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20121130
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don't understand his brain, so you should ask him. okay? >> ouch. athena jones live from washington. same old same old. where do we go from here? >> that's the big question. the nice talk after the election is pretty much gone away. you mentioned one of the big sticking points, that's taxes. republicans and democrats can't agree on how to raise the tax revenue? end the bush tax cuts for the wealthy, close the loopholes, raise the capital gains taxes or all of the above. right now, they can't agree on how much money should be raised on the revenue side. let's listen to more from harry reid about the democrats stance on this. >> we are ready to protect middle class families by freezing the tax rates for the first $250,000 and letting the rates go to the same level they were during the clinton administration. the republicans know where we stand. we have said it so many times, the president said the same thing. >> you know, reid is right. republicans know where the democrats stand. republicans feel that there's been way too much focus on this whole tax issue and not nearly enough of an
from washington. brianna, where does the obama administration stand right now with all of this? >> reporter: well, right now we are hearing from the white house who says this won't affect the president's attention to the fiscal cliff situation. that said, we do know that he has had to spend time on this. a limited amount of time in the words of white house press secretary jay carney, but we also know that a lot of staff hours have had to go to dealing with this situation with generals petraeus and allen. yesterday this was the first press conference that we had a chance to ask jay carney about this situation. and he said that the president thinks very highly of general allen, of his service to his country, of the job he's done in afghanistan. and one reporter asked if he, if the president has the full faith, or if general allen, i should say, has the full faith of president obama. and here's what carney said. >> he has faith in general allen, believes he's doing and has done an excellent job at isap. and i would rephrase the pentagon for the process underway with regards to gen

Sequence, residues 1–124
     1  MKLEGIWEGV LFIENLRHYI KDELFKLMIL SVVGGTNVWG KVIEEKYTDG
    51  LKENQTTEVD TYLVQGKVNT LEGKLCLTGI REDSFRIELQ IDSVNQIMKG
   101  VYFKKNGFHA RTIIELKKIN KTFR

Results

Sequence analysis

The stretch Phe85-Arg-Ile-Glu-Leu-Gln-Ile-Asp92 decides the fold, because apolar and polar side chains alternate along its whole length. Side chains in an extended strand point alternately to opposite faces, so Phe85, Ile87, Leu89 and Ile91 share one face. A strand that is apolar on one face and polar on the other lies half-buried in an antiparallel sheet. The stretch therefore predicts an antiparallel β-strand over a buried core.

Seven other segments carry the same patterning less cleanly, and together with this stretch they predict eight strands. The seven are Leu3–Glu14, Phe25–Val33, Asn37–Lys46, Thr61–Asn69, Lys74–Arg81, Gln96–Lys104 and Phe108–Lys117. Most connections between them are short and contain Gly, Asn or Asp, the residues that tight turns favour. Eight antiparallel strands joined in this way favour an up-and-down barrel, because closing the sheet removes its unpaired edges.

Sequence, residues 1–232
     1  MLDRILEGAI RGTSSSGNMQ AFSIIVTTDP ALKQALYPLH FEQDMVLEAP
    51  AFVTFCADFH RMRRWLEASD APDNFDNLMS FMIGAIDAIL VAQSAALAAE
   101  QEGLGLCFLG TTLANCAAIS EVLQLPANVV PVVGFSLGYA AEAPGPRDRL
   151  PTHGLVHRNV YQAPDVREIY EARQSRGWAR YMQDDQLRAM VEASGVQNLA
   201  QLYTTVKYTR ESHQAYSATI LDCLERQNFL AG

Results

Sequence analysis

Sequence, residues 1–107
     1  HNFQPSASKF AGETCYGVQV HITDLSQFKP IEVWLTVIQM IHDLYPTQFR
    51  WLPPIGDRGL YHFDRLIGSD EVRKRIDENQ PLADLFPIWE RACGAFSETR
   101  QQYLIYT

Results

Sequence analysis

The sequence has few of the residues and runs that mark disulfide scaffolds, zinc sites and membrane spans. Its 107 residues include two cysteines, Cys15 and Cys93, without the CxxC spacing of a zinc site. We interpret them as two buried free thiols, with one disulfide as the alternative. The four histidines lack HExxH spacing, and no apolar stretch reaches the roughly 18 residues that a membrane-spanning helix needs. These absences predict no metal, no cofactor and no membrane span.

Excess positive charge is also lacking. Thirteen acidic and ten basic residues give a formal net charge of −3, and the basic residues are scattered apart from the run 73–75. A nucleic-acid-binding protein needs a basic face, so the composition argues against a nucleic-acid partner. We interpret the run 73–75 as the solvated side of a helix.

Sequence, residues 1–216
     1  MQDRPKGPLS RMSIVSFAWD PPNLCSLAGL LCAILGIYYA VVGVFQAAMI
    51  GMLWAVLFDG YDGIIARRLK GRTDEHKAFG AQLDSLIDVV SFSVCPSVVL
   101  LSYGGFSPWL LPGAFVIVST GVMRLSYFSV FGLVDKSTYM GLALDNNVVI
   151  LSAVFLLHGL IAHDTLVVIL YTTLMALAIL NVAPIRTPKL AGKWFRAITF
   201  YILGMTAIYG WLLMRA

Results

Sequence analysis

is live from washington this morning. very nice to see you, mark. so the house is back in session today, and so far there are no talks scheduled between top republicans and the president, we understand. >> no, that's true, zoraida. in fact we haven't seen the congressional leadership and president obama meet since november 16th. now there were staff discussions over the thanksgiving holiday. they don't seem to be as productive as some people had hoped, as you said, we are now 35 days until the fiscal cliff. what we do know, though, is that president obama did reach out to house speaker john boehner. he is the republican, the senate majority leader harry reid the democrat over the weekend, perhaps to try to jump-start the talks. as of now, as the house of representatives comes back today, as the senate came back yesterday, we're still very much in limbo on the fiscal cliff. >> here's something else we know. some major republicans have come out and they say that they don't feel bound by the americans for tax reform pledge. most recently we saw house majority leader eric cantor. do you bel